The utility of the Magic mouse as an accessory is well known to MacBook users. It not only make things easier for you but also make your experience a lot smoother. Though it can’t be customized much, the device supports all the basic Magic mouse gestures you can use to get most of your work done. Here’s how you can use some of the basic gestures to perform quick actions and extend the efficacy of the mouse furthermore.
Different types of Magic Mouse gestures you should know
Before you get started and perform useful actions, it’s worth taking a second to pause and learn some of the basic Magic Mouse gestures. That will leave you with more time to focus on the things that matter to you. Plus, you won’t have to settle for a subpar computer mouse experience. Check out the list of different types of Magic Mouse gestures supported on your MacBook.
- Secondary click (right-click)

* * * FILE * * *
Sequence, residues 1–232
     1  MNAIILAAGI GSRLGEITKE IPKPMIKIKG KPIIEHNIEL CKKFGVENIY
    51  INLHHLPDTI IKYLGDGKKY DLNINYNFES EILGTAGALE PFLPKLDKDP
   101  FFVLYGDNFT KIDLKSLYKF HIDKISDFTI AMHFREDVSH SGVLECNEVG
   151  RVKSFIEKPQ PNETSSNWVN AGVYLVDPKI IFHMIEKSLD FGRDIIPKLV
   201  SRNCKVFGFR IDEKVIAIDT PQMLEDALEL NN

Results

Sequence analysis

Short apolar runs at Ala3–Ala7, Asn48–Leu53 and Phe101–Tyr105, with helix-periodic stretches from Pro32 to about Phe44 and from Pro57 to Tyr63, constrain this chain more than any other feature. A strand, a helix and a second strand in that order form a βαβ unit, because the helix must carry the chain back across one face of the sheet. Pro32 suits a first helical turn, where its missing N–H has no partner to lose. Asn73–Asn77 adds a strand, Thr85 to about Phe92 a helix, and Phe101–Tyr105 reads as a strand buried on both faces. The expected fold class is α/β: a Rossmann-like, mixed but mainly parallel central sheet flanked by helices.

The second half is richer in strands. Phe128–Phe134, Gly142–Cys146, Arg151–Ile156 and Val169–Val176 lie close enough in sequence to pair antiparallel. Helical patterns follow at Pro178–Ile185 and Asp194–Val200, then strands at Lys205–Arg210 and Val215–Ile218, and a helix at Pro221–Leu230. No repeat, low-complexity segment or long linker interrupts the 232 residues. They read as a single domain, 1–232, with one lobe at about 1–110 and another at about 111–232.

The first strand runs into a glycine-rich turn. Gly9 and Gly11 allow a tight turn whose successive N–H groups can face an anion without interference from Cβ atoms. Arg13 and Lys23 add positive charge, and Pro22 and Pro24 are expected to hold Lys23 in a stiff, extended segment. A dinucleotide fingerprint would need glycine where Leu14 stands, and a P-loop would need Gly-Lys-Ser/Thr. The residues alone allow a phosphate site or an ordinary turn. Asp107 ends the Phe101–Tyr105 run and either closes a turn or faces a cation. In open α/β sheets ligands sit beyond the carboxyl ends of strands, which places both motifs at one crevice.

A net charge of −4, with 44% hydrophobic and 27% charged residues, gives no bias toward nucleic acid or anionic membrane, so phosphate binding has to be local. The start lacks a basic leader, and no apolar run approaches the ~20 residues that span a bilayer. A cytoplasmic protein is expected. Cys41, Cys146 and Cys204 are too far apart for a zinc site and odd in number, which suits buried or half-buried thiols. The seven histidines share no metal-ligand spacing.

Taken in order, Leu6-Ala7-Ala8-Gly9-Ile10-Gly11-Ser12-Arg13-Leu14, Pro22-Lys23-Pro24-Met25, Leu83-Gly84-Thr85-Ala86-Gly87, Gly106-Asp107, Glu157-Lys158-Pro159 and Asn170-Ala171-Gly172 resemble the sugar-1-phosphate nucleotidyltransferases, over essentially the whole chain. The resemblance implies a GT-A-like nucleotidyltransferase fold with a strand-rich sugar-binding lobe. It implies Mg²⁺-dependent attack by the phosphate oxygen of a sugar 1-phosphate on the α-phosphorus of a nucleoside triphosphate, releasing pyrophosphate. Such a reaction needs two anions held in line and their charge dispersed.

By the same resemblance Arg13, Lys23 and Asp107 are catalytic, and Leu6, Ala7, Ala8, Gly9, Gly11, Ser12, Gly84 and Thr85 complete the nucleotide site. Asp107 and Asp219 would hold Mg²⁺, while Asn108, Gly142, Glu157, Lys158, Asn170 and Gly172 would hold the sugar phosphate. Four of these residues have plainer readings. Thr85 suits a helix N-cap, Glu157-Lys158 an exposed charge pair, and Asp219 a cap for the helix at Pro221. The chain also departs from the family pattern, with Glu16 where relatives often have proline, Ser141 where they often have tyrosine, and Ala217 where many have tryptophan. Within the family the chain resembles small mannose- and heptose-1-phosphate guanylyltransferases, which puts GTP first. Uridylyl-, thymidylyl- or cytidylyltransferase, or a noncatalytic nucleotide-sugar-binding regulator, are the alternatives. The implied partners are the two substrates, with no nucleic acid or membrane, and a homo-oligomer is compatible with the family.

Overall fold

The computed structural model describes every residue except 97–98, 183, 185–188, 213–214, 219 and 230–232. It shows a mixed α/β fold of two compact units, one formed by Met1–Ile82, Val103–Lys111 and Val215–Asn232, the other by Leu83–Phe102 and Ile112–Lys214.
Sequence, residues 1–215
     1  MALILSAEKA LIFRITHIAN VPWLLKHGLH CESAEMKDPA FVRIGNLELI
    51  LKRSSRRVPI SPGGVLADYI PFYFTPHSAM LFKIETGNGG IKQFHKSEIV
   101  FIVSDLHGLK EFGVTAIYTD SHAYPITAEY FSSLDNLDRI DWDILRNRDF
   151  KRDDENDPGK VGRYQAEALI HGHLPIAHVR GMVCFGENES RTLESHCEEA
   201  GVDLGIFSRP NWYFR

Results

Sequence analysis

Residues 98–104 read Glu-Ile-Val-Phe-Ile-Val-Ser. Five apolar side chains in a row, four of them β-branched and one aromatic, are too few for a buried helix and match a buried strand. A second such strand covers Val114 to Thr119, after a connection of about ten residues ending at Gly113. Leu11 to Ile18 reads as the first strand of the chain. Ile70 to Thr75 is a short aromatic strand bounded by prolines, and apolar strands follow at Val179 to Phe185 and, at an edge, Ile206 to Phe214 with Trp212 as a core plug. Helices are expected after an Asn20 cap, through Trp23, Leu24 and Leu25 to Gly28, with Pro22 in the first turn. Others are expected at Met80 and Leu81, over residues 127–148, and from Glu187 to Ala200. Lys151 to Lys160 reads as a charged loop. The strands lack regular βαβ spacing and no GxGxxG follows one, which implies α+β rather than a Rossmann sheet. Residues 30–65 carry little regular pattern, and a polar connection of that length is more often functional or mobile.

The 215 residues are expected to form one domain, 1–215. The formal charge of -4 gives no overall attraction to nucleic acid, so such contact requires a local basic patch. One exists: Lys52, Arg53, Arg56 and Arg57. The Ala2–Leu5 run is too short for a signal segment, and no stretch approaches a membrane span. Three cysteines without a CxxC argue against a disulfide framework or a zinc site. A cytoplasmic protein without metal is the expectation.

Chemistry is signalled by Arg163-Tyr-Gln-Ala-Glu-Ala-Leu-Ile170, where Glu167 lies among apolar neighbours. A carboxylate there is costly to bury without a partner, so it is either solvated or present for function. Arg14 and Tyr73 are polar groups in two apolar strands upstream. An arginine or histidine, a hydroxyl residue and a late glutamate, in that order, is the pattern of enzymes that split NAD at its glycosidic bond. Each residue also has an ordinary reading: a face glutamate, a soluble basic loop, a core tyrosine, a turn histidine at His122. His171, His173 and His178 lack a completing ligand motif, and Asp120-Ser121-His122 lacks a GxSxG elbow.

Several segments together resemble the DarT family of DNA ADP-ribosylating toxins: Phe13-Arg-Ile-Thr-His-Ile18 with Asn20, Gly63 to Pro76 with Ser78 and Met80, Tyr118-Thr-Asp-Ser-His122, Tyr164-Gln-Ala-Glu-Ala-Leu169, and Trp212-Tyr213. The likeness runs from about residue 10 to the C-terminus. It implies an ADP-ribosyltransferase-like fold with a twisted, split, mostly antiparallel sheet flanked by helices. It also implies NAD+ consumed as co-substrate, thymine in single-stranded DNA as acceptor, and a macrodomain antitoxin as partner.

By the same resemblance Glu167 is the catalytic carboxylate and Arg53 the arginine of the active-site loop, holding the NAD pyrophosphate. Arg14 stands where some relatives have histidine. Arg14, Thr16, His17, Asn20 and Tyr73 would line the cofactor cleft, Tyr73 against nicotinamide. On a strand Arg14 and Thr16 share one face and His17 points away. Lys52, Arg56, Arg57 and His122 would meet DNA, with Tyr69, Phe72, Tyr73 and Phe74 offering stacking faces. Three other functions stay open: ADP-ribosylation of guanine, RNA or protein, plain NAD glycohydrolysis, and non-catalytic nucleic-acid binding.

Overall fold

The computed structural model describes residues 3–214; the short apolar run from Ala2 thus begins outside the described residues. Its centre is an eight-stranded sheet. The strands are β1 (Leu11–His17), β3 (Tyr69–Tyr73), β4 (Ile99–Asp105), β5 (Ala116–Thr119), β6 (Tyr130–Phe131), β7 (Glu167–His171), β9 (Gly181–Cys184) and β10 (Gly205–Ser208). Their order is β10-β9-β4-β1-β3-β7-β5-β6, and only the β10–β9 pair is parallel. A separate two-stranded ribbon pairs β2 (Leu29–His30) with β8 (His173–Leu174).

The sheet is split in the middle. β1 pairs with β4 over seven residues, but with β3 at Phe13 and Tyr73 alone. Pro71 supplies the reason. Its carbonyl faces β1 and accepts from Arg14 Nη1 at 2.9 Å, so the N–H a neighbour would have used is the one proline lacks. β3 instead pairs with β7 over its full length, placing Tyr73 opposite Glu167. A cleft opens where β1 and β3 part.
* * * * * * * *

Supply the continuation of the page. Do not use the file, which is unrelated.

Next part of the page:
- Smart zoom
- Mission Control
- Swipe between full-screen apps
- Swipe between pages
Note – You can turn a gesture off, change the type of gesture, and learn which gestures work with your MacBook. Just go to Apple Menu > select System preferences > Mouse.
How do I use Magic Mouse gestures?
As a user, the first difficult choice you have to make is whether to use a wired or a wireless mouse. However, if you dislike the idea of having cables all-around your desk, a wireless mouse should be a no-brainer.
1] Secondary click (right-click) – Click the right side of the mouse.
2] Scroll – slide one finger up or down to scroll.
3] Smart zoom – just double-tap with one finger to zoom in and back out of a webpage or PDF.
4] Mission Control – double-tap with two fingers to open Mission Control. This mode offers a bird’s-eye view of all your open windows, desktop spaces, and any apps in full screen or Split View.
5] Swipe between full-screen apps – swipe left or right with two fingers to move between desktops and full-screen apps.
6] Swipe between pages – swipe left or right with one finger to show the previous or next page.
Can I add more gestures to Magic Mouse?
Currently, Apple only allows users to change the type of gesture or turn a gesture off. However, you can use third-party utilities like BetterTouchTool. It is a great, feature-packed app that allows you to customize various input devices on your Mac and supports a growing list of actions to automate almost any task.